Airlines are selling their in-flight meals because apparently people miss them

Apparently there is a strong demographic of people who are so nostalgic for traveling that they are willing to shell out money for in-flight meals.

Airlines are not necessarily known for their cuisine, so much so that there’s an iconic “Saturday Night Live” sketch with Jerry Seinfeld that coined the joke, “What’s the deal with airplane food?” (“Could this stuff taste any worse?”).

Thai Airways was the first to start advertising its meal boxes in April and Cathay Pacific in China and Indonesia’s national airline, Garuda, followed suit.

“It’s served just as if you’re on a flight,” Rubi Haliman told the Guardian. Haliman missed Garuda’s in-flight dinners and has ordered four meals from the catering company so far.

The decline in travel has hit airline companies hard, but also the catering companies who service the flights. GNS Foods, which supplies American Airlines and United first-class sections with snacks, was reportedly left with 50,000 pounds of nuts. Now, people can shop for the nuts online, but the situation points out an overlooked causality of the pandemic — smaller supplier companies. GNS Foods is operated by 20 employees.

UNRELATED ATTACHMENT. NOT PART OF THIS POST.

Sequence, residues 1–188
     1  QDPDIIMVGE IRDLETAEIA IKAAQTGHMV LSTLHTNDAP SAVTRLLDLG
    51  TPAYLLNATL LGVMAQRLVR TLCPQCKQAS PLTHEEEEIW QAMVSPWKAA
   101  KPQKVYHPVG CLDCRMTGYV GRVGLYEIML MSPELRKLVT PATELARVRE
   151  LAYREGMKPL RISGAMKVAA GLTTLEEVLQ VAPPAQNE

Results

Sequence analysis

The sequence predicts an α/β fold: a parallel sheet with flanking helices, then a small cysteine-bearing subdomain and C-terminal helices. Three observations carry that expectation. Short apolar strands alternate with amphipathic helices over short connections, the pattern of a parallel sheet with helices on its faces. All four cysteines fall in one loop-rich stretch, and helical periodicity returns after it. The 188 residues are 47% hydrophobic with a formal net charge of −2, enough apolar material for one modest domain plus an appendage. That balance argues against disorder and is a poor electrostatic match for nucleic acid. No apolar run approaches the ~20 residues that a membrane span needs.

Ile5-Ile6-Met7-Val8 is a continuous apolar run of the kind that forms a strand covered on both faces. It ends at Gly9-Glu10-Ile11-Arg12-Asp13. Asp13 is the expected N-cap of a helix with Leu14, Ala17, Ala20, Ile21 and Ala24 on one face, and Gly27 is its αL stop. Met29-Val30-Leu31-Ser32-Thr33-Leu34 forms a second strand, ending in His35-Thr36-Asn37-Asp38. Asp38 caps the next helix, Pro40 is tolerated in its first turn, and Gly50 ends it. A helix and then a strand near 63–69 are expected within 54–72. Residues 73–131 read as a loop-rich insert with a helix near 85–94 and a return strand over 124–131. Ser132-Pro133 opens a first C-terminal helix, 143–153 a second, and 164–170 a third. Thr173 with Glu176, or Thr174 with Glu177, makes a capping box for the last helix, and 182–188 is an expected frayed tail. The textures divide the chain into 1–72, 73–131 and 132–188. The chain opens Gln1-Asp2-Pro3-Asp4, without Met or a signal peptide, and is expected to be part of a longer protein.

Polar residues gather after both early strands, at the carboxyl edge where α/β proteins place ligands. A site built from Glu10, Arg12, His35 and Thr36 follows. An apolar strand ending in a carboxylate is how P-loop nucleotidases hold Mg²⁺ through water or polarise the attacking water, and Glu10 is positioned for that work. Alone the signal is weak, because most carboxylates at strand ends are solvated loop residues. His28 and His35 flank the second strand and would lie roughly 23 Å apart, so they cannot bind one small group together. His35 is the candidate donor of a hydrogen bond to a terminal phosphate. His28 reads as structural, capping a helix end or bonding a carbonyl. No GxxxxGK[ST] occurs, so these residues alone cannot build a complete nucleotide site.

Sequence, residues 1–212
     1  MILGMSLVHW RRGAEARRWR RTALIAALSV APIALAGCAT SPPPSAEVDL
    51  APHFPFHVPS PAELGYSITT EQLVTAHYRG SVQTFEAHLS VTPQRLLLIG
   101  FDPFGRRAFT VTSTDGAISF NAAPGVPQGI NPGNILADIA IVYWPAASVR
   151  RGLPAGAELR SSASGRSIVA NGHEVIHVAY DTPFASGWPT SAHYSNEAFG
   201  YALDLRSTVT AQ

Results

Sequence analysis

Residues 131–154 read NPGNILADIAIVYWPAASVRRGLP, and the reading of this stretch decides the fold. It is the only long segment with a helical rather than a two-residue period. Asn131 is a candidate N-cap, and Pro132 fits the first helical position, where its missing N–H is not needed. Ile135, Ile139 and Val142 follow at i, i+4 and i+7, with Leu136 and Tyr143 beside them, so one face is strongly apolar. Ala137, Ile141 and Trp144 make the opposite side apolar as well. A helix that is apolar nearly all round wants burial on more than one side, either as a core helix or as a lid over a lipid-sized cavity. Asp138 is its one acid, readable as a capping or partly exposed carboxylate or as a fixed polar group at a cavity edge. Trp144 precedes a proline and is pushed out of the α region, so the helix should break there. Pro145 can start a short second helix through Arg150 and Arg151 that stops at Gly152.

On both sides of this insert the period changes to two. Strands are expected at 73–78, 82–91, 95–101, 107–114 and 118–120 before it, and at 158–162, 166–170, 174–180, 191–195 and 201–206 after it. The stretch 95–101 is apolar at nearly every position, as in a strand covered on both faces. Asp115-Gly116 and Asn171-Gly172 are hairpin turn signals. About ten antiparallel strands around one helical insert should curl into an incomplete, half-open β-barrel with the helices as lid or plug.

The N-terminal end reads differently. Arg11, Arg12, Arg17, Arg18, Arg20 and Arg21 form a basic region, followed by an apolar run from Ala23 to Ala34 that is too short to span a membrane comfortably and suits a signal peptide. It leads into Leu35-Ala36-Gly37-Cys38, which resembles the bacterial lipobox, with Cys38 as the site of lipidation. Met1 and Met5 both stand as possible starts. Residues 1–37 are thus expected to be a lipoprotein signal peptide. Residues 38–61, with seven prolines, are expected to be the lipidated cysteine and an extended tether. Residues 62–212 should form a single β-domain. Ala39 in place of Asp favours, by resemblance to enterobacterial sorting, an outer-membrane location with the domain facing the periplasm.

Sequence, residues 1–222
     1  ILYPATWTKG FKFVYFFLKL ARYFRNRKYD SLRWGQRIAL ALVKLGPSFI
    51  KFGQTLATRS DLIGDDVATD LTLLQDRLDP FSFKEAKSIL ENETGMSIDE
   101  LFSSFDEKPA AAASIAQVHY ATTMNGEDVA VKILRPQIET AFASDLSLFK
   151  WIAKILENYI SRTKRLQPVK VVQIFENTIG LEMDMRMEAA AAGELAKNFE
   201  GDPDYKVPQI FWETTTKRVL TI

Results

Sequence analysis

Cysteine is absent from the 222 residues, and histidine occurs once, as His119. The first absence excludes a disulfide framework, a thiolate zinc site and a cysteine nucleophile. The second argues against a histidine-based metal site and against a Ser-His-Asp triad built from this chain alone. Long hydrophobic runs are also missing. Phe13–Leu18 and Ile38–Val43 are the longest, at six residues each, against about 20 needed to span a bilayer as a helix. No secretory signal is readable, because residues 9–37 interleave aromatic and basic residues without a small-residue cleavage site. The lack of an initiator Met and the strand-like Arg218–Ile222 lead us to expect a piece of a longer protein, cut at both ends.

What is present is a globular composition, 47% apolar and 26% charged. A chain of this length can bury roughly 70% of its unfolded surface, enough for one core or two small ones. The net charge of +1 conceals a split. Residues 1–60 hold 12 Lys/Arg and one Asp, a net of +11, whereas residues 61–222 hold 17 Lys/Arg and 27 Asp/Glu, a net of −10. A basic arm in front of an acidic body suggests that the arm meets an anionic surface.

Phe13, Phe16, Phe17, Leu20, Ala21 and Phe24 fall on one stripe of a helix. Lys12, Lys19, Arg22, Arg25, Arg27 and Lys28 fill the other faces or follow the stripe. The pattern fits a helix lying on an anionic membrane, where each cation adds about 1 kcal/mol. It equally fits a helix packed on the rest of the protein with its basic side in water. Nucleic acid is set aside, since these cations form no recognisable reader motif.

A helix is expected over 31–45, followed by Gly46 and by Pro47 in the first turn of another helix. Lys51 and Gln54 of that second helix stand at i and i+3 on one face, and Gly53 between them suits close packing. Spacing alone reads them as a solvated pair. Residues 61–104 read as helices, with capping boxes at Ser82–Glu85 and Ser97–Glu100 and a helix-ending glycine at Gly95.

Haliman anticipates that travel will continue to be nonexistent until 2021, but he told the Guardian he’s content with eating the meals in the meantime. “The meals taste better from the ground, but it’s not the same as the sensation of eating in the sky,” he said.

Some airlines have started advertising flights to nowhere. Taipei’s Songshan airport allowed hundreds of people to go through the whole check-in process and sit on a plane that never took off.

Do you miss traveling? Read about this LAX employee’s encounters with celebrity travelers.

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